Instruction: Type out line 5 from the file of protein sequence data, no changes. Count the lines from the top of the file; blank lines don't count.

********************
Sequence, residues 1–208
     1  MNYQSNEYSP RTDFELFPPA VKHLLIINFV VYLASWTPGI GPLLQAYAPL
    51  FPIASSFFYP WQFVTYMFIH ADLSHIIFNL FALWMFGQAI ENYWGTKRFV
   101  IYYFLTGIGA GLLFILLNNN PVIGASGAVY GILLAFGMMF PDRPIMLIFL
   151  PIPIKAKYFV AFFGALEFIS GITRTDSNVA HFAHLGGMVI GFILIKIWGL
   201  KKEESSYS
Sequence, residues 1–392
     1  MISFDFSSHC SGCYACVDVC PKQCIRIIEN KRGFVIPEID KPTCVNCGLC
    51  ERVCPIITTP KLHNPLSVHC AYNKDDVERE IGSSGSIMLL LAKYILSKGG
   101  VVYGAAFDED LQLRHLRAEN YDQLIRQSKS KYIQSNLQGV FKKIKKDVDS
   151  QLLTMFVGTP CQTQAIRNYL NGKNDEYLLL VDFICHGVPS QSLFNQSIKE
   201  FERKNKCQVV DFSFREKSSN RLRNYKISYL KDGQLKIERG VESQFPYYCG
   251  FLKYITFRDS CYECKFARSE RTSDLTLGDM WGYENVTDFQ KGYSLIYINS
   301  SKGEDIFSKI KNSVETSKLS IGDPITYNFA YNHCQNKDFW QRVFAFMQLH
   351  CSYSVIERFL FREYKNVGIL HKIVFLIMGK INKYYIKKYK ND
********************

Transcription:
   151  PIPIKAKYFV AFFGALEFIS GITRTDSNVA HFAHLGGMVI GFILIKIWGL